The fight against money laundering and corruption has made financial transparency a global priority, meaning it is critical that we know who we are doing business with.
Entering into a contract or business relationship with a company without full knowledge of beneficial ownership, past or present, introduces significant risk to an organization. Even an unwitting contravention of anti-money laundering, anti-corruption and bribery legislation can have extreme consequences through regulatory censure, financial penalties, reputational damage.
Watch video Ultimate Beneficial Ownership (UBO) and the risk of not knowing
The G20’s commitment to increase corporate transparency and crack down on anonymous and secretive shell companies has been one such step in the fight against money laundering. And proposed changes to EU and US anti-money laundering (AML) and customer due diligence legislation will soon affect the way in which organizations assess business risk.
These changes include tightening up the complex issue of ultimate beneficial ownership (UBO).
What does the term ‘beneficial ownership’ mean for AML purposes?
There is no universal and finite definition of ‘beneficial owner’. Various bodies, governments and institutions differ in their interpretation, and it also depends on the legal person’s form.
The Financial Action Task Force (FATF), which sets global AML requirements, defines a beneficial owner as “the natural person(s) who ultimately owns or controls a customer and/or the natural person on whose behalf a transaction is being conducted. It also includes those persons who exercise ultimate effective control over a legal person or arrangement”.
With regards to the owning threshold, FATF does not provide a clear numerical answer and only states 25 percent as an example. The Office of Foreign Assets Control (OFAC) stated that it would treat an entity as being subject to US sanctions if it is owned 50 percent or more in aggregate by designated persons.
The Foreign Account Tax Compliance Act (FATCA), on the other hand, requires the institution to follow a 10 percent ownership rule.
What regulations are being put in in place or expanded in order to identify UBOs?
The requirement for financial institutions to know their clients is not new. But amid growing demand for increased transparency, the need for UBO identification has gained momentum in the last few years.
The issue was among the key topics at the G8 Summit in 2013 and the G20 Summit in 2014, following which the International Monetary Fund and Organization for Economic Cooperation and Development (OECD) signed an agreement to ensure countries honor their commitments.
With governments now demanding increased business transparency, the UK introduced the Small Business, Enterprise and Employment Act 2015, which, among other changes, led to the creation of the PSC or ‘persons with significant control’ register.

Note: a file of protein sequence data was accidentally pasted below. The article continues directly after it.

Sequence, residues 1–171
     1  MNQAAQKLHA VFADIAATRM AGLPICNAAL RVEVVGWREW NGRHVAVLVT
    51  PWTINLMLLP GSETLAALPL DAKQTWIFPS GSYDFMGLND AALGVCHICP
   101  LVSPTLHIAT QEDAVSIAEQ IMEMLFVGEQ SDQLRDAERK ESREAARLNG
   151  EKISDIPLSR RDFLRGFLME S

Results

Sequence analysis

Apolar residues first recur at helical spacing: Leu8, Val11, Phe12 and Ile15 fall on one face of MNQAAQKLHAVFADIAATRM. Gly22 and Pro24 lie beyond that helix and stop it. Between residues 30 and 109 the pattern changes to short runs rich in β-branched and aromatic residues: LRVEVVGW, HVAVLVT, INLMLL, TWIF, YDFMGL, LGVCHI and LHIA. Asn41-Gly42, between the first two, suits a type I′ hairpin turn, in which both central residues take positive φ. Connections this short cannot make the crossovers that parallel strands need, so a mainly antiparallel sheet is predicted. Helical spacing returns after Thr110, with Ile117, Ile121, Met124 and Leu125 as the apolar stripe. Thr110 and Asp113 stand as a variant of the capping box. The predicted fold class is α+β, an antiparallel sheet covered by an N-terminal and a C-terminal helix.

Regulators worldwide are following suit with a number of codifications and clarifications:
- The European Commission’s 4th Anti-Money Laundering Directive, which must be implemented by all member states by the end of this year. It includes changes to customer due diligence, record-keeping, regulation and supervision and transparency of requirements.
- The Monetary Authority of Singapore’s Notice 626 on prevention of money laundering and countering the financing of terrorism, effective from May 2015.
- The US Treasury Department’s Financial Crimes Enforcement Network (FinCEN) strengthening of the Bank Secrecy Act (BSA). Its core elements concern identifying and verifying the identity of customers and identifying and verifying the beneficial owners of legal entity customers.
What should organizations have in place to identify UBO?
Organizations need to have a robust, risk-based and auditable process which can identify who exercises ultimate effective control over legal persons. If the information is collected from the customer, organizations need to take reasonable steps to verify the information with public and reputable sources.
It is not sufficient to just find out who the beneficiaries are, but to understand what compliance risk, if any, they present to the organization. This can be achieved through appropriate level of due diligence checks on all beneficiaries. Following the identification and analysis of risk, each organization must have a strong, documented policy of a risk-based approval process and regular monitoring of the ownership relationships.
How can Thomson Reuters help banks and institutions to identify beneficial ownership?
Thomson Reuters provides a range of services to help different types of businesses, including through managed services and bespoke reporting.
- World-Check: Finds hidden UBO risk in business relationships and extends partner networks by screening customers against comprehensive KYC risk intelligence data.
- Enhanced Due Diligence: Offers a structured approach to identification and checking the UBOs of important third parties to ensure up-to-date and auditable compliance. UBOs are screened against World-Check to uncover risk associated with global sanctions, watch and enforcement lists, and to check for political exposure (PEPs) and crime related to money laundering, bribery, corruption and fraud.
- KYC as a Service: The KYC managed service for commercial firms is an end-to-end client identity, verification, screening and monitoring service for accelerated client on-boarding, remediation and refresh of existing portfolios. KYC as a Service utilizes Enhanced Due Diligence reports as a key component of the service, to provide the beneficial owner of public and private entities.
- Client On-Boarding: Provides compliant and automated on-boarding of new clients and ongoing refresh cycles. Within the on-boarding workflow it offers an infrastructure for financial institutions to proactively collect, visualize and manage the ownership data and hierarchy.